Celebrating 30 Years of the Americans with Disabilities Act
On Thursday, July 23, the Consortium for Citizens with Disabilities hosted a virtual briefing (which we co-hosted) to celebrate the 30th anniversary of the Americans with Disabilities Act — a landmark civil rights law signed by President George H. W. Bush on July 26, 1990. The remarks below were delivered during the briefing by our president and CEO Vanita Gupta.
We are commemorating the 30th anniversary of the Americans with Disabilities Act, but we also today recognize in commemorating this important legislation — this landmark law — how much more work remains to live fully into its promise.
America right now is facing truly a confluence of unprecedented crises: As a nation, we are in pain — we are outraged at state violence against Black people and other communities of color. And given this country’s history of erasure and denying marginalized people a voice, we have to be ever vigilant to guard against obstacles to full participation in our society — especially amid these uncertain days.
As you know, state violence has been happening against a backdrop of a global pandemic and economic recession. Here in the United States, the pandemic’s devastating effect on people with disabilities, Black and Brown people, Native Americans, low-income people, and immigrants is really an indictment of our failure to rid American institutions of longstanding, systemic racism and inequality.
And while the pandemic has upended everyone’s lives, it has not affected everyone equally. In fact, more than 40 percent of deaths from COVID-19 have occurred in congregate settings — that includes residential care communities, nursing facilities, prisons and jails. And the majority of those dying are Black and Brown people. Too often the racial justice lens is missing when folks talk about congregate settings and disability rights — and this pandemic has laid bare the very stark disparities and the cost of our nation’s silence.
We can and must do better. This tragic moment in many ways also presents an incredible opportunity — one that should be imbued with hopefulness to confront and reckon with injustice. That’s really why I’m so grateful to join all of you today as we commemorate the 30th anniversary of the Americans with Disabilities Act.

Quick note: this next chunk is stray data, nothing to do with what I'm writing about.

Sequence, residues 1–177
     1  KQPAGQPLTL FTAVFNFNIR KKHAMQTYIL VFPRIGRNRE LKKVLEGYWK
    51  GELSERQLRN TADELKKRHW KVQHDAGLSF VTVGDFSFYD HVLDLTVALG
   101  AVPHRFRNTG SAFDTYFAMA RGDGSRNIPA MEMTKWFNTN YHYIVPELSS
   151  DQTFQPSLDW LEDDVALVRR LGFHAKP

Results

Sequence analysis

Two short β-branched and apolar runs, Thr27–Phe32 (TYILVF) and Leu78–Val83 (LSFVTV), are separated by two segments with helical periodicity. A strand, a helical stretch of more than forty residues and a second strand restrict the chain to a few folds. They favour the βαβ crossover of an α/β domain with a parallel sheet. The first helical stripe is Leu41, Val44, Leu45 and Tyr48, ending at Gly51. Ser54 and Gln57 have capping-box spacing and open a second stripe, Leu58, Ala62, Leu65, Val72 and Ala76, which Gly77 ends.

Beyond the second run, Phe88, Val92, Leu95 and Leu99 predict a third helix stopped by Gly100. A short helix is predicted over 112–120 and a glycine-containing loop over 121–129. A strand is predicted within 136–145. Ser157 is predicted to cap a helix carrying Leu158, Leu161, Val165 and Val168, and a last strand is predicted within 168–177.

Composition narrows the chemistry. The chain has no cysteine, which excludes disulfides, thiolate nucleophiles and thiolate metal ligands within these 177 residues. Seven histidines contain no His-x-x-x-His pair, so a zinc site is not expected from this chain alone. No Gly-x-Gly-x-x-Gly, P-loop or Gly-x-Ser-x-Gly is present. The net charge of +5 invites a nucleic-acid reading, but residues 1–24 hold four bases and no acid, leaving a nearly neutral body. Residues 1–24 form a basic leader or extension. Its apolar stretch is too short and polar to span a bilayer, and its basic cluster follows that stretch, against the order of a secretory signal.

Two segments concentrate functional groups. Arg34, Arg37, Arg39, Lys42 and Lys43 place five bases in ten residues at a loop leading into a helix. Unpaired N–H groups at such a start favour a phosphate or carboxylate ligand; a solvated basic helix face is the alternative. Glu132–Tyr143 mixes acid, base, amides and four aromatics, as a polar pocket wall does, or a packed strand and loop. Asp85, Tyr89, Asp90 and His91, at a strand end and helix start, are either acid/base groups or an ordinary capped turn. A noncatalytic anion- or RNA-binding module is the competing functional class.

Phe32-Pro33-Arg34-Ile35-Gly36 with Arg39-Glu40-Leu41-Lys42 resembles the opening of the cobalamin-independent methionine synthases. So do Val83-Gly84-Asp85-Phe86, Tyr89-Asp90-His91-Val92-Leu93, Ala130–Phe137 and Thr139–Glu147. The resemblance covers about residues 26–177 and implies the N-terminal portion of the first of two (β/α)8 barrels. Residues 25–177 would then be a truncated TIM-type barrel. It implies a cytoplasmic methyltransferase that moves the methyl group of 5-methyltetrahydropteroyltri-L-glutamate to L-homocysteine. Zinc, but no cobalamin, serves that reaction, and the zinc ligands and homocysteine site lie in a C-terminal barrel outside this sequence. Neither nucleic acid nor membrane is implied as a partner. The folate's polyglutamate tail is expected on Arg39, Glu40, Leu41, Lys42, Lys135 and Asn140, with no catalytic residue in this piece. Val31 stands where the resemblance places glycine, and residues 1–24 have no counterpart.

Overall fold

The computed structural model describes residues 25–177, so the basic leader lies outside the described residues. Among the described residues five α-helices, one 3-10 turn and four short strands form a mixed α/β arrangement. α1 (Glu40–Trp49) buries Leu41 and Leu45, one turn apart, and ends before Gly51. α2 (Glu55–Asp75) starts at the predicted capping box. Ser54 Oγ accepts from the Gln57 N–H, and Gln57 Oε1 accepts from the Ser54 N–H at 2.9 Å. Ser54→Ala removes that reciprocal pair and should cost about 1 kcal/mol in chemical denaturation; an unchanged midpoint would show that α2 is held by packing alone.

We’re excited to be participating in a briefing right now – ADA at 30: A Vision for a Future with Full Inclusion & Equity – to discuss key issues that remain of significant concern for the disability community 30 years after passage of the Americans with Disabilities Act. #ADA30 pic.twitter.com/W0G9858qwB
— The Leadership Conference (@civilrightsorg) July 23, 2020
History teaches us that the beauty of America’s story — and really the promise of its legal framework — is that we, as a country, can evolve. And that the arc of our nation’s progress in disability rights affirms this truth.
After decades of investments in treatment, research, and care for people with disabilities, Congress finally passed the Americans with Disabilities Act in 1990. The ADA in so many ways ushered in a new era — and progress built the pathway for further reform. In 1999, the U.S. Supreme Court enunciated in Olmstead v. L.C. a crucial tenet of the ADA: its community integration mandate. The court held that under the ADA, “unjustified institutional isolation of persons with disabilities” constitutes discrimination, plain and simple.
But even with these victories, we know that the tough and urgent work of actually vindicating these rights remains unfulfilled and unrealized. Because more than 20 years after Olmstead and 30 years after the ADA passed, we continue to see a real gap between what the law guarantees, on one hand, and what too many people with disabilities experience, on the other. And COVID-19 has only exacerbated these disparities.
We see this gap in the electoral process, where people with disabilities still fight to ensure safe and accessible in-person voting options amid COVID-19, so that voters with disabilities aren’t silenced in upcoming elections.
We see this gap still in employment, as too many people with disabilities remain isolated in segregated sheltered workshops, with some paid just pennies per hour.